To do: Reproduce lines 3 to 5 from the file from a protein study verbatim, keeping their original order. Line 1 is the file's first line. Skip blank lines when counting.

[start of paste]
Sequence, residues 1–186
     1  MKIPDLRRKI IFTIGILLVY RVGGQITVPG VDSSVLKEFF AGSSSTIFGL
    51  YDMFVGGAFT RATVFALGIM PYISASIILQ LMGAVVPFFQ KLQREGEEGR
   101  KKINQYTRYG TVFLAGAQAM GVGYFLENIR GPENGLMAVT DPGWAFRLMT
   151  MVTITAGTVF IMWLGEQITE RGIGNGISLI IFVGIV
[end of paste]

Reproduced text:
    51  YDMFVGGAFT RATVFALGIM PYISASIILQ LMGAVVPFFQ KLQREGEEGR
   101  KKINQYTRYG TVFLAGAQAM GVGYFLENIR GPENGLMAVT DPGWAFRLMT
   151  MVTITAGTVF IMWLGEQITE RGIGNGISLI IFVGIV